2. The device doesn’t support window blurs because they’re expensive, so lower-end devices might drop frames when rendering them. For such cases, apps must provide a fallback blurless experience.
  3. The system server (for example, during Battery Saver mode, or due to a developer setting or tunnel mode) disables blur at runtime.

Points 2 and 3 above are both reported by a listener registered with WindowManager.addCrossWindowBlurEnabledListener. If your apps use the blur APIs, register this listener and update your UI whenever the listener is called, if you want to use a different UI for the blur-enabled and blur-disabled states. When it’s registered, the listener is called immediately to report whether blurs are currently enabled.

Implement the blur functionalities by using the following methods:

Examples and source

public class BlurActivity extends Activity {
   private final int mBackgroundBlurRadius = 150;
   private final Drawable mBackgroundDrawableWithBlur;
   private final Drawable mBackgroundDrawableNoBlur;

   private final int mBlurBehindRadius = 50;
   private final float mDimAmountWithBlur = 0.1f;
   private final float mDimAmountNoBlur = 0.6f;

   private Consumer<Boolean> mCrossWindowBlurEnabledListener = enabled -> {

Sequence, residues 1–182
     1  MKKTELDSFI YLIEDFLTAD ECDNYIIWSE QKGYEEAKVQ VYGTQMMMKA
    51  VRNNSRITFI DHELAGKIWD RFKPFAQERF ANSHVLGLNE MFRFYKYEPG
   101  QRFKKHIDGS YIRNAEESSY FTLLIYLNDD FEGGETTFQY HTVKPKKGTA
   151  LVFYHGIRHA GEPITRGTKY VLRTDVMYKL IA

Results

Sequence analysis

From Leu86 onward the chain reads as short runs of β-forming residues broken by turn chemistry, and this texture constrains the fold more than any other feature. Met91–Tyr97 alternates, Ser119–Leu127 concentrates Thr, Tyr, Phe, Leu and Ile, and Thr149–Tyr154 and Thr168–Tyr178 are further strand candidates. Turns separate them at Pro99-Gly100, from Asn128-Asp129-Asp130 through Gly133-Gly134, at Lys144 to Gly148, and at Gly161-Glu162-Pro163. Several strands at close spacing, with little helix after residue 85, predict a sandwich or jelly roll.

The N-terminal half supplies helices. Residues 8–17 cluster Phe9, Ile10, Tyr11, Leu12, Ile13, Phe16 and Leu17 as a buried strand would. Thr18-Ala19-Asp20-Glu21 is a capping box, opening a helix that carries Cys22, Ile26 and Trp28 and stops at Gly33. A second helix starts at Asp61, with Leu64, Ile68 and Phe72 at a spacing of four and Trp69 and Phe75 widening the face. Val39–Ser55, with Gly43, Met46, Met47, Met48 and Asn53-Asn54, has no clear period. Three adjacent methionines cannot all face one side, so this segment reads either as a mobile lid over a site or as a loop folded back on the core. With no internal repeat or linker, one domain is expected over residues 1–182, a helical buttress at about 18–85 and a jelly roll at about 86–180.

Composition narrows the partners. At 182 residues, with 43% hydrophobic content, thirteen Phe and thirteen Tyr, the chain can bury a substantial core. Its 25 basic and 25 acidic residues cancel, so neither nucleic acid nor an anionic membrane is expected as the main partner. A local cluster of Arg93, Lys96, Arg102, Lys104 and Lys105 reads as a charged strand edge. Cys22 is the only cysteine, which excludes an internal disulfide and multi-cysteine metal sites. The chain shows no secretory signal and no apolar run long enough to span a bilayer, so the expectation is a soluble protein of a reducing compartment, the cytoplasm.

enabled ? mBackgroundDrawableWithBlur : mBackgroundDrawableNoBlur);
       getWindow().setDimAmount(enabled ? mDimAmountWithBlur : mDimAmountNoBlur);

   protected void onCreate(Bundle savedInstanceState) {

       mBackgroundDrawableWithBlur = getContext().getResources().getDrawable(
       mBackgroundDrawableNoBlur = getContext().getResources().getDrawable(

       if (Android version >= Android S) {
                                         new View.OnAttachStateChangeListener() {
                    public void onViewAttachedToWindow(View v) {

                   public void onViewDetachedFromWindow(View v) {

Turning window blur on and off

There are two ways to allow and disallow window blurs.

  1. From the UI:

    Settings -> System -> Developer options -> Hardware accelerated rendering -> Allow window-level blurs

  2. From the terminal (the device must be rooted):

adb shell wm disable-blur 1 # 1 disables window blurs, 0 allows them

You can only turn the window blur functionality on or off if your device has the capability to support blurs. (Devices that don’t support window blurs can’t enable the feature.) By default, the blurs are enabled on devices that support them.